a score of persons were injured and
$100,000 worth of property was de
stroyed, bya wind storm which struck
Chicago tonight. In south Chicago an
open hearth furnace under course of
construction by the Illinois Steel Com
pany was blown down. The steel
company's loss is $50,000.
Pcckham's Bail Fixed at $12,000.
Utica, N Y., January 3.Frederick
A. Peckham, implicated by cotton leak
reports, appeared before Federal Judge
Ray today on a writ of habeas corpus.
Pecham has been, indicted in the Dis
trict of Columbia and gave bail for
appearance. His bondsmen surrender
ed him and habeas corpus was secur
ed. The district attorney moved for
the dismissal - of the writ Judge Ray
granted the motion and ordered Peck
ham surrendered f o the custody of the
marshal for conveyance to Washing
ton. Ball was fixed at $12,000 and fur
nished. Peckham's counsel will .ap
peal . -
THE REPUBLICAN ROW .
North Carolina Case to Hare An Air
ing in Congress An Appointment
and Allowance of Pay Made by
Beavers Similar to One That Formed
the Basis of Charges Against
Further developments are expected
when Congress re-assembles after the
holidays in the interesting North
Carolina Republican political row,
which, as told In a Washington, dis
patch printed In The Sun of Thursday,
involves a lawsuit over the failure of
a party worker In that state to get.
a federal office and his allegation that
United States Judge Jeter C. Pritch
ard, formerly United States Senator,
and Thomas S. Rollins, his son-in-law,
chairman of the Republican state ex
ecutive committee, have more that 50
relatives by blood or marriage who
hold positions of profit under the gov
The nomination of Major W. W.
Rollins, father of the state chairman,
as postmaster at Asheville, has been
made, and if the matter of alleged
nepotism in North Carolina is not air
ed in the Senate when Major Rollins
name comes up for confirmation a res
olution calling on the postoffice de
partment for certain information re
garding the Asheville postoffice will,
t is understood, be introduced in eith
er the Senate or the House.
H. S. Anderson, who Is mainly re
sponsible for the present aspect oi
the factional trouble among Republi
can Tar Heels through his unique suit
at law to recover damages from sev
eral prominent North Carolinians, in
cluding Chairman Rollins and three
federal office holders, for failure to
carry out an alleged written agree
ment to get a federal office for, him,
wrote a letter the other day to Wil
liam H. Moody, the attorney general
of the United States, giving notice that
Mr. Moody would be called as a
witness in the suit to testify whether
he had said that Anderson's allega
tions against Rollins and others were
a tissue of lies." Anderson said in
the letter that more than 50 relatives
of Judge Pritchard and Chairman Rol
lins were drawing salaries from the
United States government and he al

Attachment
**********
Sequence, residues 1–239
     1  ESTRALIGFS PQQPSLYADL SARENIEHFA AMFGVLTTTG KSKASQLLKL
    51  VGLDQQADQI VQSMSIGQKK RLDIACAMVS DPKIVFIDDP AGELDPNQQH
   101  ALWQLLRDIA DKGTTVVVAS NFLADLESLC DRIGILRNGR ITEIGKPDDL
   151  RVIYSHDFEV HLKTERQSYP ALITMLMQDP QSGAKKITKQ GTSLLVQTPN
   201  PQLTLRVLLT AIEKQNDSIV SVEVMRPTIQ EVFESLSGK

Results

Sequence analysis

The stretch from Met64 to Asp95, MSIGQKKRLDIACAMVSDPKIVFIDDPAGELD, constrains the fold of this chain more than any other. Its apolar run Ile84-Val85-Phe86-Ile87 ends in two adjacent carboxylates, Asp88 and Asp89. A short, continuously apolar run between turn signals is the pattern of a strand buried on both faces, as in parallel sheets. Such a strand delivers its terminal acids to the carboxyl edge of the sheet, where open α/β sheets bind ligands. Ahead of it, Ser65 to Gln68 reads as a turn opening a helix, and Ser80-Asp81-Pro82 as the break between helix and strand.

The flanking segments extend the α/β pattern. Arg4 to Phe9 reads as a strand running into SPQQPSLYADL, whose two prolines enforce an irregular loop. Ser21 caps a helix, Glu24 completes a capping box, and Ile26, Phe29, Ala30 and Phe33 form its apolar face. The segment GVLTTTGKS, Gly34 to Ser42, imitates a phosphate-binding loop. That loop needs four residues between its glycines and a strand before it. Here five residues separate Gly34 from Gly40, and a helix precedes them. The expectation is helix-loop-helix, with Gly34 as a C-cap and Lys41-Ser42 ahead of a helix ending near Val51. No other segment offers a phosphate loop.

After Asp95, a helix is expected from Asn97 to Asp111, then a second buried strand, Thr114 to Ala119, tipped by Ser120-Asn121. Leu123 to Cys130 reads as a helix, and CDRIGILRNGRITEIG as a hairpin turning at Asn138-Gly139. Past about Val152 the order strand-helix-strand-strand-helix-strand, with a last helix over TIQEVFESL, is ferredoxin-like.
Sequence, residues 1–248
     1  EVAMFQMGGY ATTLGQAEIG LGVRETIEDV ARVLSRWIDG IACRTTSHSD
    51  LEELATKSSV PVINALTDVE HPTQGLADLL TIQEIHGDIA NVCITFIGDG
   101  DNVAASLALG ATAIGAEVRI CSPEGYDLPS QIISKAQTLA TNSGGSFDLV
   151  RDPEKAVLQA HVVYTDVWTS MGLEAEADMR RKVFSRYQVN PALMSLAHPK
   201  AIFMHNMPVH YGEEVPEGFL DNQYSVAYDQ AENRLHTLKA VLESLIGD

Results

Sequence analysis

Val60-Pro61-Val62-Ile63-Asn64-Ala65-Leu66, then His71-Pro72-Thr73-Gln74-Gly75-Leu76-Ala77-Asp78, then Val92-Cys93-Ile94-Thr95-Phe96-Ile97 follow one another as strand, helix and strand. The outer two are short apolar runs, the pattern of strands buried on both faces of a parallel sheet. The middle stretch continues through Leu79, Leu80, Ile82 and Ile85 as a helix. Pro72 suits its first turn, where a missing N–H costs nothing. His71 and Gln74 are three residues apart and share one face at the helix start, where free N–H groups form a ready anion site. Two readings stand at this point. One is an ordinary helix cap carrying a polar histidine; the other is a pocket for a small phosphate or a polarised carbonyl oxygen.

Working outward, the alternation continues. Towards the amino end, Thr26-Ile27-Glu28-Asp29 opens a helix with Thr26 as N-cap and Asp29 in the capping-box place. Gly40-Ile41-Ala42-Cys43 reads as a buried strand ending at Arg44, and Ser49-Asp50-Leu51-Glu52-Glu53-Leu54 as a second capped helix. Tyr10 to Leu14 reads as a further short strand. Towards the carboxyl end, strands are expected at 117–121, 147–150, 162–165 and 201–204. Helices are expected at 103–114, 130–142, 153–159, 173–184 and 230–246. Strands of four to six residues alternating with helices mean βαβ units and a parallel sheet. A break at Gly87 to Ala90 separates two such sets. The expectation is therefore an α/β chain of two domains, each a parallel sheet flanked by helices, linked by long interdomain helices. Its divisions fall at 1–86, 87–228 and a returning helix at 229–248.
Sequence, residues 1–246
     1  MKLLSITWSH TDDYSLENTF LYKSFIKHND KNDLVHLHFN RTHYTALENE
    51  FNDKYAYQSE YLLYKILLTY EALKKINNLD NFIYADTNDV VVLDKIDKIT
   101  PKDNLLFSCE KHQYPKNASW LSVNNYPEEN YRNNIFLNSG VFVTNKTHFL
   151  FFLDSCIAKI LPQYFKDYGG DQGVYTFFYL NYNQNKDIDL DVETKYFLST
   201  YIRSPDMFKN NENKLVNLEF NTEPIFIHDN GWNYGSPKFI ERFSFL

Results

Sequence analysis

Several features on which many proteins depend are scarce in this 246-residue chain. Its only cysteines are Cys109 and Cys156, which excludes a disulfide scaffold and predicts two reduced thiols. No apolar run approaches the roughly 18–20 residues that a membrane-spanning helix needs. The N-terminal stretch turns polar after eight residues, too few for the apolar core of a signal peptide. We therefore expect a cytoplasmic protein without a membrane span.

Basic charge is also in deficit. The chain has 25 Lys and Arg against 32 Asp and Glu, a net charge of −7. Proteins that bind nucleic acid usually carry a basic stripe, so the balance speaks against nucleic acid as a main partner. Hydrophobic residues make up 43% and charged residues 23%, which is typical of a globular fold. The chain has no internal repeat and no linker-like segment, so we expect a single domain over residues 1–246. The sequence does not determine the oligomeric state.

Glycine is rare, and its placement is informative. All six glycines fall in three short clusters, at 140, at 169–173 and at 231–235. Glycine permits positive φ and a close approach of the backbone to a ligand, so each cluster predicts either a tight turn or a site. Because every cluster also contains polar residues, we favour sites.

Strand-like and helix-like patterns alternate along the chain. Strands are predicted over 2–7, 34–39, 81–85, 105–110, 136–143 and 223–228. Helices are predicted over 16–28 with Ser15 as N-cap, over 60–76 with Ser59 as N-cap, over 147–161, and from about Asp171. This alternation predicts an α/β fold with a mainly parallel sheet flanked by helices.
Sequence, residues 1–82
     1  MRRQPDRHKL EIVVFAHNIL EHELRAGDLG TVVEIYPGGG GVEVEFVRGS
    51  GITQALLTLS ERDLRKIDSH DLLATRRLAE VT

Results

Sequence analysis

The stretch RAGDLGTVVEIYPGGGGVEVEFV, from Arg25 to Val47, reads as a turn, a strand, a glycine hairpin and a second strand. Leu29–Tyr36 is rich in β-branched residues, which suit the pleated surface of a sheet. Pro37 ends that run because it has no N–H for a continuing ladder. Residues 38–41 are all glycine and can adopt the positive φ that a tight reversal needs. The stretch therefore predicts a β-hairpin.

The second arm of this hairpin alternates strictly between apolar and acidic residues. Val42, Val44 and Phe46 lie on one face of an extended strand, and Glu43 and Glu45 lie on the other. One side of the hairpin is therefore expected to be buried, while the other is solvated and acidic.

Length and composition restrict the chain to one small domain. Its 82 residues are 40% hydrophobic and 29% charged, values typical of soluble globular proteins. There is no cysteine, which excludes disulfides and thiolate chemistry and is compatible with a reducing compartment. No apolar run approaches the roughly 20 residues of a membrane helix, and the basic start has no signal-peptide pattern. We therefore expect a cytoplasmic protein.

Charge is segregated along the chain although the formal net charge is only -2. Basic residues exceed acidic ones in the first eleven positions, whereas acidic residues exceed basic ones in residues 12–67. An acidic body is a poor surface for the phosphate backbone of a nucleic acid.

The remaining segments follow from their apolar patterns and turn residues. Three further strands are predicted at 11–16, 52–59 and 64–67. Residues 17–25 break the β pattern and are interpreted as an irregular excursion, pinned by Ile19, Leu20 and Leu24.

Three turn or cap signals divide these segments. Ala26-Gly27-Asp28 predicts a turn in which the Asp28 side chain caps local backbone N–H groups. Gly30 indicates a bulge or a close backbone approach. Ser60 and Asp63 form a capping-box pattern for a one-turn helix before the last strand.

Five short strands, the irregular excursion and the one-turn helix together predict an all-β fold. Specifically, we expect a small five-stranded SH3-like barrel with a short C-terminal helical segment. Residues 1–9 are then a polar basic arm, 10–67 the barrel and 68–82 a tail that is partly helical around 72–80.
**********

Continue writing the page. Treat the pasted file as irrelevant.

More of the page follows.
so charged that Jacob L. Ray, a step
son of Judge Pritchard, had been ap
pointed to the postal service in viola
tion of law and regulation. It is the
case of Ray's appointment that will
form the basis for the inquiry which
one of the houses of Congress will be
asked to make.
That the charges made by Anderson
of irregularity in Ray's appointment
will be borne out by the official rec
ords, there seems to be no question.
He was appointed a clerk in the
fourth class postoffice at West Ashe
ville at $400 a year, without the know
ledge of the postmaster, who, in fact.
wrote to the postoffice department that
he did not need any assistance. The
postmaster was receiving only $300 a
year, and the revenues from his omce
were only about $100 a year.
The allowance for Ray's pay ,was
made by George W. Beavers, formerly
chief of the salaries and allowances
division of the postoffice department,
who will soon be brought to trial for
complicity in the postoffice fraud.
Through whose influences the allow
ance was made it is impossible to as
certain officially, but Ray secured the
appointment upon the recommendation
of his step-father, Senator Pritchard.
The object of the allowance and ap
pointment was soon apparent, for
within two months the West Asheville
postoffice was consolidated with the
Asheville, which was in the classified
service, thus bringing Ray under the
protection of the civil service and en
abling him to be promoted to a more
lucrative position in the postoffice de
partment. The case is similar toin fact al
most identical with one of the cases
which formed the basis of charges
against Justice Hooker, of the New
York bench, who secured unnecessary
allowances for clerks in postoffices in
what was then his Congressional dis
trict, in order to provide places for
relatives and friends at the expense of
IX STREET CAR ACCIDENT
Mr. J. Edgar Leach injured Toy Pis
tol Wound Proves Fatal Death of
Captain James II. Smith Methodist
Presiding Elders in Conference.
(Special to The Messenger.)
Raleigh, N. C, January 1. This af
ternoon. Mr. G. Edgar Leach, a well
known business man, was struck by a
street car while endeavoring: to cross ;
the track. One leg was broken, and
also dislocated at the ankle.' j
This evenins the presiding elders ;
of the North Carolina Methodist con
ference met here, with them being
several members of the missionary
board. An important matter was con
sidered, that of holdinsr a missionary
institute in each district during the
year. It is felt that this will do more
than anything else to stimulate and de